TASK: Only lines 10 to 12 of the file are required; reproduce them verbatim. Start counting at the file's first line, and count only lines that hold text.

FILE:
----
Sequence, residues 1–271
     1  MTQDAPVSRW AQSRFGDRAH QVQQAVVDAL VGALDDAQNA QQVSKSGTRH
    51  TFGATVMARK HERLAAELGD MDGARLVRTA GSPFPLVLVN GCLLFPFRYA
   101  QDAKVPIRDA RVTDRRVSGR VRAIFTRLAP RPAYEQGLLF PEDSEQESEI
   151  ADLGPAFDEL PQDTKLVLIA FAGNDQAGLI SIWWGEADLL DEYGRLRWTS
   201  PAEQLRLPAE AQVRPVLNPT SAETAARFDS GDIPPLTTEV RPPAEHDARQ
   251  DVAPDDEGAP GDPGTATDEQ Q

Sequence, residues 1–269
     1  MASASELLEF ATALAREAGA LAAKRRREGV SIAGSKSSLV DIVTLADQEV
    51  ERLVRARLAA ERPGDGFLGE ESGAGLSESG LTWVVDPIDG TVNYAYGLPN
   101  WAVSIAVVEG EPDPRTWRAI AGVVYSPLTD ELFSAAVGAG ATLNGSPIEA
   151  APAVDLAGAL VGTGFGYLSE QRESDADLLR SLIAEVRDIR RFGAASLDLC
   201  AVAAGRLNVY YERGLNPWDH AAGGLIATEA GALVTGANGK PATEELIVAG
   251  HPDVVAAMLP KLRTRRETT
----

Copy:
    51  ERLVRARLAA ERPGDGFLGE ESGAGLSESG LTWVVDPIDG TVNYAYGLPN
   101  WAVSIAVVEG EPDPRTWRAI AGVVYSPLTD ELFSAAVGAG ATLNGSPIEA
   151  APAVDLAGAL VGTGFGYLSE QRESDADLLR SLIAEVRDIR RFGAASLDLC